North Myrtle Beach Myths
Discover these North Myrtle Beach myths and learn more about the legendary history of this unique section of South Carolina’s Grand Strand.
Most fish stories tend to be whoppers, but this one is well documented and probably mostly true. Only the part about the epic struggle between man and fish relies on the eyewitness accounts of multiple semi-hysterical spectators.
A couple fishing buddies were fishing at the Cherry Grove Fishing Pier in North Myrtle Beach on June 14, 1964. The friends were out to snag a shark and they rigged up small ray fish on big hooks. One of them rowed out a short distance from the end of the pier to drop the bait.
Soon a school of small sharks moved in, and behind that first wave came larger sharks that were snapping the heavy gauge fishing lines. The guys were taking hits on multiple lines and Walter Maxwell was watching his friends when his own line took a hard hit about 90 feet from the end of the pier.
The beast slammed Maxwell against the pier and lifted him off his feet. His friends had to hold onto him to keep him from going over the rail. He inserted his rod into the plate of his harness, and was slammed repeatedly into the pier during the struggle. The creature took nearly all the line, and Maxwell’s buddies poured water on a red-hot reel that was literally smoking.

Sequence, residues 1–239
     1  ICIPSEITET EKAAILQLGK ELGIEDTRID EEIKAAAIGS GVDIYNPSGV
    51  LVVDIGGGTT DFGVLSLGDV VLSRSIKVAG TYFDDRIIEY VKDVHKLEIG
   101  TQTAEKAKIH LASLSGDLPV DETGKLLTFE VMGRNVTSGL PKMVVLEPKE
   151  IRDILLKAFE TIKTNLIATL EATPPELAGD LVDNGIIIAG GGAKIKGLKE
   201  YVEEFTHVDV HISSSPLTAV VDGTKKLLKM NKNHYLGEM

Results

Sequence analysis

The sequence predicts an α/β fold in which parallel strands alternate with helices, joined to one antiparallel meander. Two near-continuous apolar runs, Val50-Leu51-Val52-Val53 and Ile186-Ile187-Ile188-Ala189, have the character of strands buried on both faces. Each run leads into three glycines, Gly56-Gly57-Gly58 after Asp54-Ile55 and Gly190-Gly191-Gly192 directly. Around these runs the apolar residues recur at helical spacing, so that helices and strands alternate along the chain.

When Maxwell’s shark broke the surface, it brought a group gasp from the assembled spectators. A crowd assembled, shouting advice and encouragement, and a five-hour battle of wills ensued. The sun had set by the time Maxwell brought the shark alongside the pier, and there was no way he was going to be able to hoist it out of the water. He and his friends secured it with ropes to the pilings.
In the morning a new world record was declared when several men hauled in the Tiger Shark and weighed it at a whopping 1,780 pounds, a world record that stood for the next half century.